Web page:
Big for a point guard, Payton, at 6’4″, was the second overall pick by the Sonics in the 1990 NBA Draft. Coming out of Oregon State University, the wiry Payton was expected to team up with power forward and 1989 first-round selection Shawn Kemp to form an inside-out, one-two punch. The duo would do just that over the course of the next seven years, taking the Sonics to the playoffs in the final five seasons they played together.

After Kemp’s departure in 1997, Payton would last almost six more years in Seattle before being traded for Ray Allen in the middle of the ’02-’03 season. To this day, Payton is among the top three in fourteen different major statistical categories in Sonics franchise history, including being the leader in points scored (18,207), steals (2107), assists (7384), and games played (999). Payton eventually went on to win an NBA championship with the Miami Heat in 2006, but still considers himself a Sonic at heart. He helped lead a rally this past year to keep the Sonics in Seattle, and continues to be a prominent figure in the Emerald City despite making his home in Las Vegas.

2. Edgar Martinez. Over the course of a professional career that began in 1982 and didn’t end until 2004, Edgar combined 22 years as a member of the Seattle Mariners organization with Hall of Fame numbers to become one of the most beloved sports figures in this city’s history.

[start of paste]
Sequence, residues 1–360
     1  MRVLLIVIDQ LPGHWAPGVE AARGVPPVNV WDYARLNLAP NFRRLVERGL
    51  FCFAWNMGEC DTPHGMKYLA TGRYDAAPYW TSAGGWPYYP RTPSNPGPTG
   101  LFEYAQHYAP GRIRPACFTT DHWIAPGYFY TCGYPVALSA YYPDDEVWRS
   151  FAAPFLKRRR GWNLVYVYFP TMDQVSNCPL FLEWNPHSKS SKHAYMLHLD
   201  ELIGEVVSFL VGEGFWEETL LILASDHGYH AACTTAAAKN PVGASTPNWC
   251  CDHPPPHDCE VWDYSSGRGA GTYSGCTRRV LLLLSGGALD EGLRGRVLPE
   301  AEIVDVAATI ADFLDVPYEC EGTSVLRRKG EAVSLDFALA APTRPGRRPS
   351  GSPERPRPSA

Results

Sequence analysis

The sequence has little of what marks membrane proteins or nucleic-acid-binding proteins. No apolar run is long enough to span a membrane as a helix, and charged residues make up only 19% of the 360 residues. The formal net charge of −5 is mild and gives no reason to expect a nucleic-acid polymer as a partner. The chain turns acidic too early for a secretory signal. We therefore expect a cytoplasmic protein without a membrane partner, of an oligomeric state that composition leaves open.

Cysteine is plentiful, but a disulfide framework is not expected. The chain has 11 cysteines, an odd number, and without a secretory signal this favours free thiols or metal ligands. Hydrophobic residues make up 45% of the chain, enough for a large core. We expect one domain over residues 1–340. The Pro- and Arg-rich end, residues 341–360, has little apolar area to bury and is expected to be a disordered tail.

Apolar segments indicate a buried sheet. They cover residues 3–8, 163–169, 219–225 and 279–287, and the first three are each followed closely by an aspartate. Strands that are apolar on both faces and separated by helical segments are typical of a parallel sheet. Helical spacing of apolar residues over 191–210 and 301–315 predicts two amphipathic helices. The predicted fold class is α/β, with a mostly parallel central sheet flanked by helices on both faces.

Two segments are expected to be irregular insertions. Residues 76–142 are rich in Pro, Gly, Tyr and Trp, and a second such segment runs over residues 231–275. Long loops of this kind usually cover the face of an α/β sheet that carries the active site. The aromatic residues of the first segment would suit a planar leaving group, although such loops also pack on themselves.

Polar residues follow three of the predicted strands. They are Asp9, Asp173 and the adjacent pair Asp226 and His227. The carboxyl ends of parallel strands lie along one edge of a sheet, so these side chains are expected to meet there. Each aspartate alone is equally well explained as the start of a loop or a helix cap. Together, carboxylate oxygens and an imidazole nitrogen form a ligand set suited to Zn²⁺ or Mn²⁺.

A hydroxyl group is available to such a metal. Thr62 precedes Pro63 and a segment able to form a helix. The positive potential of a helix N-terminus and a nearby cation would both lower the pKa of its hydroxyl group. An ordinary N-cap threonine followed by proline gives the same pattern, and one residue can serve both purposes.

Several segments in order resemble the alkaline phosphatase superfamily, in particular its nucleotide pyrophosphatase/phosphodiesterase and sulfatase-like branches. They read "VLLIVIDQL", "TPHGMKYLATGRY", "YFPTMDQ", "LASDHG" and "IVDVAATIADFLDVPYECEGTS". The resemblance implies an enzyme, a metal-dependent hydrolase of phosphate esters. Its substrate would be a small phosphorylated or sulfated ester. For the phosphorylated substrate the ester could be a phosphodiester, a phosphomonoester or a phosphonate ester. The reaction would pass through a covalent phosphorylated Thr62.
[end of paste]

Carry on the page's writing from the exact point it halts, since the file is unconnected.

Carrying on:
He first appeared on the scene in 1987 as a pinch-runner, slender, with a mustache that resembled a small rodent. He wouldn’t crack the everyday lineup until 1990, after starting third baseman Jim Presley was traded to Atlanta. Over the course of the next fifteen seasons, Edgar would play in seven All-Star games, win five Silver Slugger awards, and collect two AL batting titles (1992 and 1995).

But even if you took away all the great years, the statistics, and the achievements, Edgar’s meaning to this city could simply be summed up in one moment. The Double.

The Double stands as one of the greatest moments in Seattle sports history. Like Joe Carter’s walk-off home run to win the 1993 World Series, Michael Jordan’s push-off jumper over Bryon Russell in the 1998 NBA Finals, or Dwight Clark’s “The Catch” in 1982, The Double was a once-in-a-lifetime play that came to define an entire team’s season in one instant.